To be honest I’m not entirely sure about that long cable nearest the camera is supposed to be. It looks like an electrical cable, but I’m not sure why the wagon needs one: the doors seem to be manually operated, and there aren’t any obvious marker lights in the bodywork. I know the RHB often run wagons as part of passenger trains so I’m wondering if it is a through cable to allow the locomotive to power or communicate with the carriages… Any thoughts?

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This week I’ve been working on all the lumpy bits of the newly covered wagon, and my goodness but there are a lot of them. The fascinating thing to me (and it’s my blog so you’re getting this too) is that the lumpy bits act as a frame holding the entire wagon together.

This is probably obvious to people who understand these things but it was only this week that I realised that it is not simply that the sides don’t hold up the roof: the rest of the van has to handle the not insignificant forces of the entire door sliding along the length of the van and slamming against the other end, again and again and again.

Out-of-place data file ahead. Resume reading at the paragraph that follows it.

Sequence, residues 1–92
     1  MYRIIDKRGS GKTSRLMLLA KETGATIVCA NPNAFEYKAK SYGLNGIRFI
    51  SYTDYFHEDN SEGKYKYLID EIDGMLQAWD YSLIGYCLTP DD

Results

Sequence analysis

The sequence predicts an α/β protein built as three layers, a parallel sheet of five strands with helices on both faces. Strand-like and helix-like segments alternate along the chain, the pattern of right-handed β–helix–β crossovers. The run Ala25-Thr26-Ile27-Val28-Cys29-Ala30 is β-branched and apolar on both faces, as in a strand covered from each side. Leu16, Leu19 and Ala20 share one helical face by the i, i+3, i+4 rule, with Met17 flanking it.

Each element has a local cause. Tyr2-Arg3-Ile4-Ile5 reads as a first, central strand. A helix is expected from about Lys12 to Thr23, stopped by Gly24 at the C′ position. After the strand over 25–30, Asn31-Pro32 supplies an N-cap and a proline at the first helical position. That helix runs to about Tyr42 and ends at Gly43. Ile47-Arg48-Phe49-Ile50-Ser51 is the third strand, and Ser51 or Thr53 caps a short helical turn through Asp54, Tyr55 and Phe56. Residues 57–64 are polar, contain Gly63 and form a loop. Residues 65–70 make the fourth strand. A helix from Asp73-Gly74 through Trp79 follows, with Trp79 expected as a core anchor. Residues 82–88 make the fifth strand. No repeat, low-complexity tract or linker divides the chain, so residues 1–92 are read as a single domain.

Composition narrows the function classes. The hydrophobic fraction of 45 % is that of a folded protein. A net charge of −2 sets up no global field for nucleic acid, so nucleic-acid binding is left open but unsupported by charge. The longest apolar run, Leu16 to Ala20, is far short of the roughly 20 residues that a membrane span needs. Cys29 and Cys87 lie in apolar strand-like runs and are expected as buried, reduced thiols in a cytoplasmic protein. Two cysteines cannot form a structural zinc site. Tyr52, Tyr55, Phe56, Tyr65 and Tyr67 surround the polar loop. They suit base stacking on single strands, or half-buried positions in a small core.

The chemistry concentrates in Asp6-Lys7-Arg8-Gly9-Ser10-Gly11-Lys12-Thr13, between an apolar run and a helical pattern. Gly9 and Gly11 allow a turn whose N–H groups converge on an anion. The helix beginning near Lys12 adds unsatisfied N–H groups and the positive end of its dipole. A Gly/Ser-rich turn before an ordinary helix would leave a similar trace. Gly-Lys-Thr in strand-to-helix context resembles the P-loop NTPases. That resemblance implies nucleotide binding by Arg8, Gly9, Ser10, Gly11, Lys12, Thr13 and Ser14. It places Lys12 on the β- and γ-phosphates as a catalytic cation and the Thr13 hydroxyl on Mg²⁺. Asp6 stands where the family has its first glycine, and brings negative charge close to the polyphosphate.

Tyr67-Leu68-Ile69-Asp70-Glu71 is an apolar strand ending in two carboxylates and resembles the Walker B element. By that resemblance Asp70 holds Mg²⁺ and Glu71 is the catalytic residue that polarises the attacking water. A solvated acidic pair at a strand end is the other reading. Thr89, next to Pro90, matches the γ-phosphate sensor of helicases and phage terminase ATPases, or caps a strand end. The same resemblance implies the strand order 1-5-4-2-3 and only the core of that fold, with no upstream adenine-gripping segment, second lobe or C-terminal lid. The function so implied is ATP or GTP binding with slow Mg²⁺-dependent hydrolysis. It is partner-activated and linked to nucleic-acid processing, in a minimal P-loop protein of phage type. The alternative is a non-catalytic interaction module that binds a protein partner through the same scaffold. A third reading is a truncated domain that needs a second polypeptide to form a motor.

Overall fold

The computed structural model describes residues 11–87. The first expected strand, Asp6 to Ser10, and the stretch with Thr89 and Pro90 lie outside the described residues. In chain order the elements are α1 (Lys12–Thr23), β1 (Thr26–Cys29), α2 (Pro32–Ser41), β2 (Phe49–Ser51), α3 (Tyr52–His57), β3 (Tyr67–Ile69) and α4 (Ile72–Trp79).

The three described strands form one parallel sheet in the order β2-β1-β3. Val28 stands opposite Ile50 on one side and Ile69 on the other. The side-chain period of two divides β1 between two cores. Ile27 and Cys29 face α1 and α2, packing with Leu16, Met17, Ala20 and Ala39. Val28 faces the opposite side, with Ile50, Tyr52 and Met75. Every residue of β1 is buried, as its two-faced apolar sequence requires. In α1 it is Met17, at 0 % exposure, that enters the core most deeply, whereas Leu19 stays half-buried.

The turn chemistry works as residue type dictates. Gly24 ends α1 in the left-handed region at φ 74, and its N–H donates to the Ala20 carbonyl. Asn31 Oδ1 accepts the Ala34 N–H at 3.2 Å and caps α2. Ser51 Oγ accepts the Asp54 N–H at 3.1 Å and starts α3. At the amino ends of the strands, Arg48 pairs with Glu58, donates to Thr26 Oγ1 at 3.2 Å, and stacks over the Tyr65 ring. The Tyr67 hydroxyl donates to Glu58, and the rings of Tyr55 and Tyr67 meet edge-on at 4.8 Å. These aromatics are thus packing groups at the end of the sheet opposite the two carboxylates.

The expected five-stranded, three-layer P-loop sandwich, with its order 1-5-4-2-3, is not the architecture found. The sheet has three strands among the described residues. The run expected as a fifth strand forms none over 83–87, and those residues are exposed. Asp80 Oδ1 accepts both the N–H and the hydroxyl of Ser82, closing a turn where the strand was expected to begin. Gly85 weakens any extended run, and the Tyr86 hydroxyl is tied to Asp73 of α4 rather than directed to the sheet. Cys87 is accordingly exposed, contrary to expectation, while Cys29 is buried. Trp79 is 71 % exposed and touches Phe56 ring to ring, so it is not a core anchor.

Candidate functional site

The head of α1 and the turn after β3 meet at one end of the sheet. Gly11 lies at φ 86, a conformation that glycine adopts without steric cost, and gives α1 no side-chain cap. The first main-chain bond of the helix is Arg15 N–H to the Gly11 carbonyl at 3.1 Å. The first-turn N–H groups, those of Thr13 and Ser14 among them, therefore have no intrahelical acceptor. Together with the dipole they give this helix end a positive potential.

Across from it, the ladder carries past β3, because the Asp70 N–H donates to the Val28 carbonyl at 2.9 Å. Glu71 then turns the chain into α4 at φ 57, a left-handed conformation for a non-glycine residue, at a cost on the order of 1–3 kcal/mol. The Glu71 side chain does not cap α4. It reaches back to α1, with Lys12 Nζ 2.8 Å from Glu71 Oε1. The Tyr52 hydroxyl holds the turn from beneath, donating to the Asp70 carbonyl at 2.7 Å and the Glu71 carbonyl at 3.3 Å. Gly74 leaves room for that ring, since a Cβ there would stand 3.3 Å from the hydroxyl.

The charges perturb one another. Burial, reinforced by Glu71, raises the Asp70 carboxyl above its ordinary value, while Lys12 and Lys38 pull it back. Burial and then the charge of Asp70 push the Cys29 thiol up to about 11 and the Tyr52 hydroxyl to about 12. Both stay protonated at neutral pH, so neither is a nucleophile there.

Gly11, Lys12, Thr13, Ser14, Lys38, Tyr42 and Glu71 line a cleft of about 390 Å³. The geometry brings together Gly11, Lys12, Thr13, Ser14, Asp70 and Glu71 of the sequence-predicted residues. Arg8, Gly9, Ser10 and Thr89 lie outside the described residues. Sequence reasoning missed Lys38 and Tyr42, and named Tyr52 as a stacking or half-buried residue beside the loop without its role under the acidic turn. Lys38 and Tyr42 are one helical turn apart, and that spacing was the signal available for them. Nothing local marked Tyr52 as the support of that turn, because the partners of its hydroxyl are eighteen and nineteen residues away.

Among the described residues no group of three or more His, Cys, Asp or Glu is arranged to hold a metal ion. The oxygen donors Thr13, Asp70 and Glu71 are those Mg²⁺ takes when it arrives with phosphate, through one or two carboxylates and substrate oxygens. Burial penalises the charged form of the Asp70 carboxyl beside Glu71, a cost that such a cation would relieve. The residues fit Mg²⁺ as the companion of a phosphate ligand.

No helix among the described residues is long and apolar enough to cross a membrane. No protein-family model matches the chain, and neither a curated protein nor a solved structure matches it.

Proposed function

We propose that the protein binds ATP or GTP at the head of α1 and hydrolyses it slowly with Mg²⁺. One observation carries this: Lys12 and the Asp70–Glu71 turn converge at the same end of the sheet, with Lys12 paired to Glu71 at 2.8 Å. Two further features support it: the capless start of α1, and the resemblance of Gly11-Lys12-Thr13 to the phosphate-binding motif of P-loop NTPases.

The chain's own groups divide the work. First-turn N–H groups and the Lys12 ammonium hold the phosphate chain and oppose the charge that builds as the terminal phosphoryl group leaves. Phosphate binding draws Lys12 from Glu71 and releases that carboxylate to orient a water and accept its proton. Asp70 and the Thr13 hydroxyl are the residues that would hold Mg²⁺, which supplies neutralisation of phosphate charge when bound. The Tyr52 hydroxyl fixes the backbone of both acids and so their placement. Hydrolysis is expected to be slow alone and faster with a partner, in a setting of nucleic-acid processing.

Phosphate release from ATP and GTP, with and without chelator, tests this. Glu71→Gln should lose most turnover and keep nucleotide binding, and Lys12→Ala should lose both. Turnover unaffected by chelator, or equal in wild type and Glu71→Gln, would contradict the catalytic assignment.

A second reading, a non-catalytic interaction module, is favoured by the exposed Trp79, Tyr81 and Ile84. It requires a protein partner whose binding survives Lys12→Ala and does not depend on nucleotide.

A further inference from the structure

My word but that’s awful grammar. Keep up at the back there.

I’m guessing that while the Complicated Van sliding Door Department were at work, in the office next door the Mahoosive Frame Design Committee were scribbling away at ideas to make the rest of the van solid enough to work without it sinking through the track. The wagon is essentially a thumping big frame with the chassis, ends and central pillar taking all the stresses of the load. Even the roof is a bit of an afterthought between the load bearing girders. And I thought they were just big gutters.

All of which makes this nondescript van a very impressive bit of design, especially when you consider that a set of curtain sides would have been a far simpler solution.

Which leads to another thought: all the pictures I can find of these vans shows them trundling through alpine meadows and past the occasional happy cow, so why the heavy security? What do the designers know about rural Switzerland that we don’t? I think we should be told.